Ann Arbor Russian Festival
Celebrating many Russias
by Frances Kai-Hwa Wang
From the October, 2014 issue
The colors of autumn are warm as we walk onto the sun-swept grounds of St. Vladimir Russian Orthodox Church for its first annual Russian Festival, serenaded by the largest balalaika I have ever seen. Four feet across at the base, this giant version of the traditional Russian instrument stands on an end pin and is played upright like a bass. Musicians, dressed in traditional Russian clothing, play smaller balalaikas too, and they are all so engaged with one another and their music that they do not even notice us visitors walking past.
Our first stop is to tour the church, with its gold and silver spires. We listen as the priest explains the symbolism in the exquisite iconography.
We are lucky to run into a friend from my kids' elementary school, who shows us around and tells us all the good things to eat. Nine-year-old Little Brother is (always) hungry, so we visit each of the many food stations, and we try a little of everything--pelmeni meat dumplings, golubtsy cabbage rolls, beet and cabbage borscht, various kebabs and sausages, and an incredible assortment of pastries and tea cookies. There are also Russian ice cream and chocolate for the kids and Russian drinks (and an infused vodka tasting) for the adults.
We eat under the big tent while watching musicians and folk dancers perform on the stage in bright dresses and flowing ribbons, with flowers everywhere. The children are adorable, of course, in their jeweled crowns. When the handsome young flower peddler on stage is pulled from side to side by the young village women fighting over him, you get a sense that it is springtime all over the world.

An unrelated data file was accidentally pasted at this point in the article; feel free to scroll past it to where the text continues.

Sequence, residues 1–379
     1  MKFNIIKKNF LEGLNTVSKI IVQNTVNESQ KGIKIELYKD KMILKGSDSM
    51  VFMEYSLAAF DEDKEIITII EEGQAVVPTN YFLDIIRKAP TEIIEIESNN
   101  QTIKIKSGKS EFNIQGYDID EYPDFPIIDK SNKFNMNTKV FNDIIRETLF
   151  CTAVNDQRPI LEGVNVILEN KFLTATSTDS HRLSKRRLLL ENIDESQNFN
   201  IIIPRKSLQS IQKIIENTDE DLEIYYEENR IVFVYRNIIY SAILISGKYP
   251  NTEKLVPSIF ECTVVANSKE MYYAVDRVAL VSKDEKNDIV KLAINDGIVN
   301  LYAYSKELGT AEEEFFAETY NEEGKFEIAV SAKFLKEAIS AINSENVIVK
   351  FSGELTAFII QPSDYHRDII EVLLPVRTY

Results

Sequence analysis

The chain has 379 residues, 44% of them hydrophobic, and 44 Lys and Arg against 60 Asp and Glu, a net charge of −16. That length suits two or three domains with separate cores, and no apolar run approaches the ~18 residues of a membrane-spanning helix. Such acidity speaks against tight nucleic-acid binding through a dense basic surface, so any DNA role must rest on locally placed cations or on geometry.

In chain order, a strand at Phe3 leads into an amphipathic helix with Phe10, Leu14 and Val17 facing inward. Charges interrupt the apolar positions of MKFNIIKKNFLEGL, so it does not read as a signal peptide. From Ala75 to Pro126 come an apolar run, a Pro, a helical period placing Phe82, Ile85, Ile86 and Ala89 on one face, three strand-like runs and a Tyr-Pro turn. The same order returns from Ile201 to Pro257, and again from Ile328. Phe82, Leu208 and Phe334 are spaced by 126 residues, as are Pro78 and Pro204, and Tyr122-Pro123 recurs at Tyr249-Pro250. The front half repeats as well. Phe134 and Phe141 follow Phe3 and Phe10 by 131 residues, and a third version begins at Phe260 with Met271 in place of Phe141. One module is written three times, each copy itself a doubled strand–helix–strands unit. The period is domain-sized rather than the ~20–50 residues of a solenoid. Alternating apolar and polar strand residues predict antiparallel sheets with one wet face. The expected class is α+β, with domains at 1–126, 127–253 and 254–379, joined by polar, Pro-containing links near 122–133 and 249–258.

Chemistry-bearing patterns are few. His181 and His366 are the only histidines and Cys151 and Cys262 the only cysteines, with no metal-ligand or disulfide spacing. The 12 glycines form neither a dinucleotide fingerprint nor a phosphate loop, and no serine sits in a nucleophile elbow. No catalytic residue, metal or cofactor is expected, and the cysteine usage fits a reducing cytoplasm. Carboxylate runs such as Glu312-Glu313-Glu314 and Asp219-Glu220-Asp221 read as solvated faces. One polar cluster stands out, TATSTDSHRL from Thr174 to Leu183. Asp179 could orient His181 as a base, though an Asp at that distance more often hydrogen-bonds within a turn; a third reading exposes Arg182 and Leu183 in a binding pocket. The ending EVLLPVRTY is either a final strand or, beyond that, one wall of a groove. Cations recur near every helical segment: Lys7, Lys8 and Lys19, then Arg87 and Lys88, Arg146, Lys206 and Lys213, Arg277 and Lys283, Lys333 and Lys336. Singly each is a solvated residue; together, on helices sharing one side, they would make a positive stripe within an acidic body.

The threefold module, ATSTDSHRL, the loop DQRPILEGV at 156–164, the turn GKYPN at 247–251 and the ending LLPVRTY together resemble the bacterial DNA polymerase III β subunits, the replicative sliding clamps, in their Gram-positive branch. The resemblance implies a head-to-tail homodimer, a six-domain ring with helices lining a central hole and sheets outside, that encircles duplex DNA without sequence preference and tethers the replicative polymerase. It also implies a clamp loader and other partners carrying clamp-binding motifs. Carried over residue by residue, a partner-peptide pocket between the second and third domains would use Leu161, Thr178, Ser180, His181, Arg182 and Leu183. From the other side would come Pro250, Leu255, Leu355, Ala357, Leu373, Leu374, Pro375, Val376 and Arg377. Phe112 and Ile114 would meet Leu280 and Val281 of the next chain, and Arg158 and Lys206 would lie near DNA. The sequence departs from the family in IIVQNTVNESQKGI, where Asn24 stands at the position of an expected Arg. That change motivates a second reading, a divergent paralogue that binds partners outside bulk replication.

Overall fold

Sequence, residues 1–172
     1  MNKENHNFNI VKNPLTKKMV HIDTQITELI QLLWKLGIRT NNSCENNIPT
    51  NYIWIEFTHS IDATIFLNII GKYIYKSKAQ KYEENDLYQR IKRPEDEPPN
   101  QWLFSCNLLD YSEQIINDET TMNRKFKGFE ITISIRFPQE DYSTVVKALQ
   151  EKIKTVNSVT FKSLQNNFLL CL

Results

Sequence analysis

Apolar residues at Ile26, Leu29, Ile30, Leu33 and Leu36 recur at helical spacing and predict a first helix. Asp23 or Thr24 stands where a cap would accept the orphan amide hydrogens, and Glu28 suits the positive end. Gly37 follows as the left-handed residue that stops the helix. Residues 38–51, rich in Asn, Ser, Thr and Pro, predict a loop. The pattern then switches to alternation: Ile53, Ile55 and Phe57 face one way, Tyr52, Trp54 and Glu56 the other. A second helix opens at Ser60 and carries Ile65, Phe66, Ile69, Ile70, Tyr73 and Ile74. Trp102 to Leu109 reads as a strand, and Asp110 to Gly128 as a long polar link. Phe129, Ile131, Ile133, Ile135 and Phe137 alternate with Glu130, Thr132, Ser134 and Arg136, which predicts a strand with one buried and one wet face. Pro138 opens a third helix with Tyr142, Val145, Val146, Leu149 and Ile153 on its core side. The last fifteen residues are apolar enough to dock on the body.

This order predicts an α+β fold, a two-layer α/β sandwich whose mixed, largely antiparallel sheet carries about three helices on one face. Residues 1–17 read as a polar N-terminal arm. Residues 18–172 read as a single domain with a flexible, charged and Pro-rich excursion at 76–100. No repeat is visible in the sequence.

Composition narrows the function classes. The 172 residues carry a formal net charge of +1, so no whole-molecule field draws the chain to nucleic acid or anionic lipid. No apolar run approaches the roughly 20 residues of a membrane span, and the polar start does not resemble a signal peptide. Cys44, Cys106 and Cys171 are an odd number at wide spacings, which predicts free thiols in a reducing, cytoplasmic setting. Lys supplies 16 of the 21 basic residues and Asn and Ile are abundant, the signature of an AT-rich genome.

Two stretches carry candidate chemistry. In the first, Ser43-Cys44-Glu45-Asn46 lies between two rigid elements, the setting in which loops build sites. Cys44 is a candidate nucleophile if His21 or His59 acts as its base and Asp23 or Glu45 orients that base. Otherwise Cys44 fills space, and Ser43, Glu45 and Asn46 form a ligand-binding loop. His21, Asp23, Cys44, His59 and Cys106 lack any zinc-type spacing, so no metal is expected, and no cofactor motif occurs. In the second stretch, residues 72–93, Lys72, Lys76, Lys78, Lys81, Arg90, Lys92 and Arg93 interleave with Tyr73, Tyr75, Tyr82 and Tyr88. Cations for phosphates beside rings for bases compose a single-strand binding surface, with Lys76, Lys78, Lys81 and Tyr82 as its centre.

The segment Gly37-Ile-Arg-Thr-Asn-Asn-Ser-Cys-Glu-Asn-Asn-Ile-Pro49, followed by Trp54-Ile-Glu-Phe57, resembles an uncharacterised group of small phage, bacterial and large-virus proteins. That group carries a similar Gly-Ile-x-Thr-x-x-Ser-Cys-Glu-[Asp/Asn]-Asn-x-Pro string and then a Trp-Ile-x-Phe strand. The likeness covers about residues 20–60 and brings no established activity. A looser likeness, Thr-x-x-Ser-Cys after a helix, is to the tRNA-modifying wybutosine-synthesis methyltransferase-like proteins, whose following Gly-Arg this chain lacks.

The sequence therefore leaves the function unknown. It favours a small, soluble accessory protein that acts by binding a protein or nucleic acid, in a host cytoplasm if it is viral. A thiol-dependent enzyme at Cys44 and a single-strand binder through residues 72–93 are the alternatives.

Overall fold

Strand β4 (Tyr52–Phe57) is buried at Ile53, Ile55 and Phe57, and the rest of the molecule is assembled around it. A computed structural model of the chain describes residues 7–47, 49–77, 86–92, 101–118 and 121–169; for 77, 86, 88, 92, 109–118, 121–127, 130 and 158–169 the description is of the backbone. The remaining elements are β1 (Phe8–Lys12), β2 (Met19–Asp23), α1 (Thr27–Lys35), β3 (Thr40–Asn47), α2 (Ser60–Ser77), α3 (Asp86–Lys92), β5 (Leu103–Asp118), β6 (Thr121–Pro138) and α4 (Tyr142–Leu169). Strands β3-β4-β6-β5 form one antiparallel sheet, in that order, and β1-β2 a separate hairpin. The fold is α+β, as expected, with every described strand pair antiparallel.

When Little Brother grows restless, we take photos with our heads as matryoshka dolls, and we take selfies in front of (a large painting of) St. Petersburg's famous spires. He tries his hand at the chessboard and at the matryoshka doll beanbag toss. We watch a puppet show about a fox
and a hare in the deep cold of the Siberian winter. Then Little Brother chases the autumn light and runs with the other children through a maze of dried stalks in the back field, the trail marked only by scarecrows.
I am struck, as I see three men dressed in military uniforms from three different eras, a violin playing Tchaikovsky and Rachmaninoff just on the periphery of my attention, that there are many Russias being celebrated here, from all corners of its long and storied history.
Then I turn around and come face to face with the Great Russian Bear. And he is smiling.
The second Russian festival is at St. Vladimir Oct. 4 and 5.
[Originally published in October, 2014.]
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